Women We Know #40 - Kaitlin Morgan

Kaitlin wears Henna Mendhi sports top and Henna Mendhi high waist bottom

Meet Kaitlin, a young, sporty and passionate occupational therapist from Australia - Having the opportunity to relocate from her home country to Singapore 2 years ago, she shares with us the challenges she met dealing with patients from different backgrounds and cultures. By how being creative and having a positive outlook on life affects one's journey to recovery. 

Hi Kaitlin! Thanks for making time to be a part of our K.BLU Women. Tell us what brings you to Singapore? 

I’m working as an occupation therapist, which when introducing yourself to new friends we always have to explain what it is because no one ever knows. We fly under the radar but are a very important part of someone’s rehabilitation after an injury or encountering a health condition which can affect the tasks you do in your day-to-day life. We work with you and your physiotherapist to enhance your quality of life as best we can and to assist you to return to everyday tasks from as little as brushing your teeth, dressing and showering to returning to work. If you made a list of all the things you would do during your day, imagine then having an impairment or an injury that restricted you from being able to achieve these tasks. We help people to regain their independence again whether it be by rehabilitation exercises or by modifying the tasks so that you are able to complete them. 

Why did you choose this career? What do you specialise in and why did you choose this specialty ?

I always knew I wanted to end up in a career where I was helping people. When I was younger I always wanted to be a nurse. I would pretend to be a nurse with family and family friends and would always volunteer to take care of my grandmother. I think I got that part of me from my mum who was a nurse. So when it came to picking university courses I had actually heard some stories from my friends who were studying nursing and it actually didn’t interest me anymore. So I dug a bit deeper and ended up coming across occupational therapy, which I also never knew what it was but after researching it I really liked what I read. And being an athlete the rehabilitation side of an OT really grasped my attention. I currently don’t have a specialisation, my current role is a rotational position so I have worked in orthopaedics, general medicine, and geriatrics.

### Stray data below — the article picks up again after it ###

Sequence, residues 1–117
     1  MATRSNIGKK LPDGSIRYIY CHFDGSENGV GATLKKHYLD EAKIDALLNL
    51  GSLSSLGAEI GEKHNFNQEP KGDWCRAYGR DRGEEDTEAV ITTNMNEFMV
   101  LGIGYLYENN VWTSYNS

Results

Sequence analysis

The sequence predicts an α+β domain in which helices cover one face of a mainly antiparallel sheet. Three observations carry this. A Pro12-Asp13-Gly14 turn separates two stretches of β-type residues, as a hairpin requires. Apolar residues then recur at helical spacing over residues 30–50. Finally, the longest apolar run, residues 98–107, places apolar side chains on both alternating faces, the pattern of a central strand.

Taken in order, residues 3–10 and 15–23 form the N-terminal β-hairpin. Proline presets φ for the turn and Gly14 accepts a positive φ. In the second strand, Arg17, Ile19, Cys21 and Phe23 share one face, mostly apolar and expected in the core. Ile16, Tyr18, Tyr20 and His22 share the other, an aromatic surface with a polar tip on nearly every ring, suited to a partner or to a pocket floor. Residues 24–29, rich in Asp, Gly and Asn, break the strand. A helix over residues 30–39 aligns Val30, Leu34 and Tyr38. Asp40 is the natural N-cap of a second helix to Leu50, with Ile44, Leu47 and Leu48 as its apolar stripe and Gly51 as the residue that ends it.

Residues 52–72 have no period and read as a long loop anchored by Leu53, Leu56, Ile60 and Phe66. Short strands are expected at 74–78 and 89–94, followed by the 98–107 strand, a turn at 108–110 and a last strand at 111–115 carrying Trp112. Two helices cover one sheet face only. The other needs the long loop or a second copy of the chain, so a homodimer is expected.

Tell us about your background and experience as a therapist.

I graduated in November of 2016, during my studies I was lucky to complete work placements in;

1. A community hospital working with stroke and amputee patients, 

2. An acute hospital working with all conditions, I ran the preadmission for hip and knee replacements and was able to run the hospital on days my supervisors were off campus

3. In an occupation rehabilitation company, working with injured workers and their insurance companies in order to grade their working tasks to enable them to return back to work in a timely manner. 

4. I was apart of a research project group where we created a resource folder for stroke survivors returning into the community 

5. My current position as explained earlier I am currently rotating between departments; where I have completed orthopedics, general medicine and geriatrics.

What are the challenging aspects of your work? 

Since working here in Singapore I have found culture and motivation to be the most challenging. I think for the patients we work with we are not only assisting them to return to their day-to-day lives as normally as possible but we also play a role in motivating them as well. In Singapore that is where culture comes into play by a means of hiring a maid/helper to do those tasks for you as a pose to modifying a task or doing rehabilitation to be able to complete them yourselves.